Unpaid opportunities and requirements for college students, such as internships and student teaching, have long been normalized as stepping stones for students to enter the workforce and gain valuable experience. It’s important to acknowledge, however, the inherent classism within the idea of these unpaid “marketable” experiences.
While hours may vary, internships typically require about 10-20 hours per week during the school year, and 40 hours per week during the summer. Student teachers are held to the same standards as certified teachers, so they often spend 30-35 hours per week in their classrooms. Although these time commitments are comparable to full-time jobs, students aren’t always paid for their time and effort.
Some argue that they are being paid with “experience.” This idea is utterly ridiculous. “Experience” will not pay rent, put food on the table or help students afford basic necessities. The notion that “experience” is an acceptable substitute for a wage is incredibly privileged.
Oftentimes, companies use unpaid positions to push work that needs to be done onto people they do not have to pay, thus saving them money and helping the bottom line. College students or those who have just graduated present the perfect opportunity, because they don’t have much choice. People desperate for a job or to make connections, with limited options, are more likely to put up with being exploited.
For those whose families are in a position to help them through this period until they finally secure a paid position, this might be an inconvenience, but they will not be affected to the same extent as those who do not have that extra financial help. Those who must work to survive are in a far different situation.
Students who, for whatever reason, must generate their own income to get by are disadvantaged in numerous ways. They may be unable to even consider such opportunities, which limits their choice of careers, as employers often pick more decorated resumes. They may try to juggle working a paying job and an unpaid internship, which leaves little time for focusing on schoolwork, leisure or taking care of themselves. Taking an opportunity without earning money is hardly an option.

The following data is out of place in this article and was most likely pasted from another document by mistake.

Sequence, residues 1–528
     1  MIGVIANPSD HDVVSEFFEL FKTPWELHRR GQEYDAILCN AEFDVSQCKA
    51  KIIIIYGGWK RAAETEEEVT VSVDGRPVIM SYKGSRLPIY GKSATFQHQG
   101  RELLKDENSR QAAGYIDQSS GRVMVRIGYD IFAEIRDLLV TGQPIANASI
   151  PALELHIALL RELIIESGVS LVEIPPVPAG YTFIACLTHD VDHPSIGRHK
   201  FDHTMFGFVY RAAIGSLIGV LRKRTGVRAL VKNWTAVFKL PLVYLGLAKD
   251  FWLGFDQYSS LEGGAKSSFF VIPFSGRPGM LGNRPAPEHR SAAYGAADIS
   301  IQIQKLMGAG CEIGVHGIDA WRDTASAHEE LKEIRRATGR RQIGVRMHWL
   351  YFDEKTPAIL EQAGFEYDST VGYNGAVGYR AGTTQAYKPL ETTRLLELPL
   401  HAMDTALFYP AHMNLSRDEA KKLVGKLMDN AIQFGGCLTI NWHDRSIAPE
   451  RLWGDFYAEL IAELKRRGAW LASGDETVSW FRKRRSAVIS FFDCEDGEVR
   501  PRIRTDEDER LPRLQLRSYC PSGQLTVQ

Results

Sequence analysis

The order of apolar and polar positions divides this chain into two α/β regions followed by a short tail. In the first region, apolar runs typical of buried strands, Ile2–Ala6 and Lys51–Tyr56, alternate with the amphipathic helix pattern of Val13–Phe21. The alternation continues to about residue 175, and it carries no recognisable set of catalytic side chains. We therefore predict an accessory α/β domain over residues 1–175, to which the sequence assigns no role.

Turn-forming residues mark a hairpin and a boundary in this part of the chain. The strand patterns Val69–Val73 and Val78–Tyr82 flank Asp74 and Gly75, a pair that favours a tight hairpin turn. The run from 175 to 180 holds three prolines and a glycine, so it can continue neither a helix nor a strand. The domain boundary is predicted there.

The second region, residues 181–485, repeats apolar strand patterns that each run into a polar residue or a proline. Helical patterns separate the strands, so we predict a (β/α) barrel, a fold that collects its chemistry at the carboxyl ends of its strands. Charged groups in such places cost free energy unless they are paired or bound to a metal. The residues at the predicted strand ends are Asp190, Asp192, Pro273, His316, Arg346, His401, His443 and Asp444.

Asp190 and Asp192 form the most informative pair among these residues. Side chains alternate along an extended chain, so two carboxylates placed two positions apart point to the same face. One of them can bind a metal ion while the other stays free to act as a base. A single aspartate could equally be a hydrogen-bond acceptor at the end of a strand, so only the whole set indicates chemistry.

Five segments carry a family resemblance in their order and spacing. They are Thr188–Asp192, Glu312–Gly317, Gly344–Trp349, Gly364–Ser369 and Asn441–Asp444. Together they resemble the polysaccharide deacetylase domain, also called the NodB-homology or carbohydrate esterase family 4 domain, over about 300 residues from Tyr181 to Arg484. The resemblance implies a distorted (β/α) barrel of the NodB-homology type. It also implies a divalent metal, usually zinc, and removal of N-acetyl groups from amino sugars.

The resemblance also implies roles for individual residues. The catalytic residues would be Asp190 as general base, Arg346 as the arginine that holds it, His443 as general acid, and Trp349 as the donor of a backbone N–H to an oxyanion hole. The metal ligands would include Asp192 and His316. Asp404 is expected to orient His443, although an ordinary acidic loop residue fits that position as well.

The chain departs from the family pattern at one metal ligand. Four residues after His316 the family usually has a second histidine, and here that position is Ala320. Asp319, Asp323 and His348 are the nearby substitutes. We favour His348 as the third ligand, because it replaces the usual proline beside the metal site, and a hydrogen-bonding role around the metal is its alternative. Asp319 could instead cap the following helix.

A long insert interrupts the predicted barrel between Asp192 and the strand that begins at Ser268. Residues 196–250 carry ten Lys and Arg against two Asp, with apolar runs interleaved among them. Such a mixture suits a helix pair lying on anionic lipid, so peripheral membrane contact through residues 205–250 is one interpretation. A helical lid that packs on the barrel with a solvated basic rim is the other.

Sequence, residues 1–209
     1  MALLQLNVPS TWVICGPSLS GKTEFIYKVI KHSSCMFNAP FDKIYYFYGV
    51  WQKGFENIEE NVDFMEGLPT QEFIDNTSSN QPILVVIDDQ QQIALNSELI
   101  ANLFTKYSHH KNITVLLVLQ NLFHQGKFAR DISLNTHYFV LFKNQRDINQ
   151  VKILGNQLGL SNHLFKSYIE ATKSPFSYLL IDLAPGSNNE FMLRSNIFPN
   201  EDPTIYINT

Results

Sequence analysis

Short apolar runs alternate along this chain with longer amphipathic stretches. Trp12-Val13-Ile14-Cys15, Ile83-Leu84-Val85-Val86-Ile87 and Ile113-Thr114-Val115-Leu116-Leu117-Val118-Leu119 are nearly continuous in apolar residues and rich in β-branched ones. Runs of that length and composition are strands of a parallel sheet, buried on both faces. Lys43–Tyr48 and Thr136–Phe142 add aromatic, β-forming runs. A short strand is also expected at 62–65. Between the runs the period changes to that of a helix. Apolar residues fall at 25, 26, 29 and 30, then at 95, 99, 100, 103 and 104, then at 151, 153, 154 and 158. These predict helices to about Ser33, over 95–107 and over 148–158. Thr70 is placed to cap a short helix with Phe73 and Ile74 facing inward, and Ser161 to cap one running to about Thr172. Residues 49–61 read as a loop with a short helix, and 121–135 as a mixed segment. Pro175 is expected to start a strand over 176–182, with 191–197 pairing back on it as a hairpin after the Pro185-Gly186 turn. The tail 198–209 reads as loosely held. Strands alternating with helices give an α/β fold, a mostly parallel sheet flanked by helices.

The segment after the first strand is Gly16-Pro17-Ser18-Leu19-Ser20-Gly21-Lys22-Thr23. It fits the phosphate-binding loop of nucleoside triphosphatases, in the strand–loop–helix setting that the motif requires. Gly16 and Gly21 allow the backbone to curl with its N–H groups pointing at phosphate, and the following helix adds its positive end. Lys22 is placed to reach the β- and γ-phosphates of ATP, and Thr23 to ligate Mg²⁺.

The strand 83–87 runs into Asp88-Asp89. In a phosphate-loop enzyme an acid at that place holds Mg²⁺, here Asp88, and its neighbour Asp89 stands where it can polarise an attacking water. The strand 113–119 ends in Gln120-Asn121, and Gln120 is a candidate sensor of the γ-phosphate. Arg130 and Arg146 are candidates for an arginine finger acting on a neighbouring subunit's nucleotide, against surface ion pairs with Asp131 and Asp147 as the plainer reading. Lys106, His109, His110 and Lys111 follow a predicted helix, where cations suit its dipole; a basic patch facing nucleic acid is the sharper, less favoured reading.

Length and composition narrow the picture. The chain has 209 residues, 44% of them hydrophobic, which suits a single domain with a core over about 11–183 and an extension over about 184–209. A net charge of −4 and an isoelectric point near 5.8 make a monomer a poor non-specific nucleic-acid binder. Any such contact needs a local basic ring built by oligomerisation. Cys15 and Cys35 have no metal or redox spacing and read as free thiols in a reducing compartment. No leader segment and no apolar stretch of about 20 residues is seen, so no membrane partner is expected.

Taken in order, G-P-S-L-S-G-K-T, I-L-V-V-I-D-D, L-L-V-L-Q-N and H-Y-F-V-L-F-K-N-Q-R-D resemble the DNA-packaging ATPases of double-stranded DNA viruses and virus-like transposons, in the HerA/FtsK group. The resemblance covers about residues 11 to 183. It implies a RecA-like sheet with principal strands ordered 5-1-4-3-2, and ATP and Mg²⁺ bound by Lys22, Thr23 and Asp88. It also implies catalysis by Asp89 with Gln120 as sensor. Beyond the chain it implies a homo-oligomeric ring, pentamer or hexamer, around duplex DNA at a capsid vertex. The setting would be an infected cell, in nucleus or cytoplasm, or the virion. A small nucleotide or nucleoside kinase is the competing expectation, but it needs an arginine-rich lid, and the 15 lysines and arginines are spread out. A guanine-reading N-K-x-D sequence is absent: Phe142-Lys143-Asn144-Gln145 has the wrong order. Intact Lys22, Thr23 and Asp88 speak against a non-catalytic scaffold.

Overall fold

These practices serve only to keep students from lower-income families stuck in their financial class, while giving others a leg up. Those who do not rely on paid work to survive are free to pursue whatever careers they please and acquire opportunities that make them more likely to be hired, while still focusing on their grades, having time for hobbies and spending time with friends and family.
While we know that students have limited power to change these practices, we hope students that are able to do so demand to be compensated fairly for their work. More importantly, however, we hope employers understand that there is an entire category of the population that, despite the ambition or intelligence of individuals within it, is effectively barred from gaining experience and making connections, which hurts their chances of being hired. While it is easy to see the advantage of offering unpaid opportunities from an employer’s perspective, there is no denying their broader effects. Is it really wise to have entire career fields absent of the working class — that is to say, those who have had to work for what they have and appreciate the value of someone’s time? We at The Alestle say no.